- any activity required to have a SAR insurance must also, for each participant, take out an additional evacuation (ambulance) insurance covering the amount of DKK 280.000 with the Danish State as represented by DPC as the sole beneficiary

- if the insurance requirements apply to your planned activity an Insurance Statement Form must be completed, signed by your insurance company, and mailed to DPC no later than 3 weeks prior to the departure for Greenland

- researchers planning to operate at the Zackenberg Station in Northeast Greenland must read more in the ZERO Site Manual.

Please note that
- the responsibility for deciding to initiate a SAR operation rests solely with the Danish SAR authority
- no immediate SAR operation can be initiated to assist a party
- an initiated SAR operation may be postponed or diverted to assist another party in severe difficulties
- having established radio contact with a station in Greenland does not imply that a SAR operation will be initiated in situations where a party has asked the said station for assistance
- any SAR operation may involve substantial risks to SAR personnel, aircrafts, or vessels
- it remains the responsibility of the field party leader to secure that insurance polices remain in force during the entire fieldwork duration in Greenland.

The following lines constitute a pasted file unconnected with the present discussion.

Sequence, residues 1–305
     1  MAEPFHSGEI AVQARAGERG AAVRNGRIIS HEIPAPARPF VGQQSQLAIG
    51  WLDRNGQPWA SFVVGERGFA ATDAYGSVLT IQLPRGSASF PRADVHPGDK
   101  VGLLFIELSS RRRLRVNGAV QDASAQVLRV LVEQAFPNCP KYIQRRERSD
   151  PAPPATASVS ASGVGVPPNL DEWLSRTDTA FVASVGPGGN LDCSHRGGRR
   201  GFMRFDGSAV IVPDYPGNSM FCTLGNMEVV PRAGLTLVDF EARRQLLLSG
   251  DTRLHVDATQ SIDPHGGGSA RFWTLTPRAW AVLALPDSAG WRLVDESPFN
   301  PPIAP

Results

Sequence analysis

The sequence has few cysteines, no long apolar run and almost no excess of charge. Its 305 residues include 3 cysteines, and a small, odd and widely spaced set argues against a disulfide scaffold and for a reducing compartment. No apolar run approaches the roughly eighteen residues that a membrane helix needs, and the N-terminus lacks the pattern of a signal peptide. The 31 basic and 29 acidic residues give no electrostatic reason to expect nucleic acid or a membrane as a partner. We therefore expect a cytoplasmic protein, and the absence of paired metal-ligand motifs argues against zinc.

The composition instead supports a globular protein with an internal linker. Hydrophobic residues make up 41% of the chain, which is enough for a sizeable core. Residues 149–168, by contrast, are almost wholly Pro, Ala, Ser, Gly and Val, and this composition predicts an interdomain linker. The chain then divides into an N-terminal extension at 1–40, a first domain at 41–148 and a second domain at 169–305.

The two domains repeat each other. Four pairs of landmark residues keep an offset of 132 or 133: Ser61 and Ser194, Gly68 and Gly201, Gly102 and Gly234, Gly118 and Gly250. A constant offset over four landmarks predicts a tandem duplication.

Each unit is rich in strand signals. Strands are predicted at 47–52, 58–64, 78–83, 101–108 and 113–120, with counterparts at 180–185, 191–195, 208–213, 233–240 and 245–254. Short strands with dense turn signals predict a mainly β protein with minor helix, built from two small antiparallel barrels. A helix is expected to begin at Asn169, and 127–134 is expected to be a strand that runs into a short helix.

Radios, PLBs and telephones
If you are planning activities in North or Northeast Greenland DPC recommends your equipment to include an HF-radio operable on the frequencies 3350 kHz and 4050 kHz for communication with DPC's manned stations in the region. It is important for DPC's flight coordination management to have frequent contact with users of airborne transportation.

In order to be able to transmit a distress or emergency message from remote areas all field parties operating in uninhabited areas (i.e. outside towns, hamlets, or stations) in North and East Greenland, anywhere on sea ice, or on the Inland Ice are required to bring an approved (i.e. certified) emergency radio beacon. This Personal Locator Beacon (PLB) must be capable of simultaneous transmission on 121.5 MHz / (243M Hz) and / or 406 MHz with a 121.5 MHz homing device and continuous transmission using an internal power supply for at least 24 hours at an ambient temperature down to -20°C.

Read more about field safety equipment.

Carrying PLBs and other radio equipment in Greenland requires a special licence. Complete the Radio Licence Application Form and send it to the issuing authority:

TELE Greenland
Radio Administration
P.O. Box 504, DK-3920 Qaqortoq, Greenland 
+299 64 31 22
+299 64 31 23


no later than 3 months prior to the start of your project or expedition. Upon issuing the licence TELE Greenland will send a copy to DPC.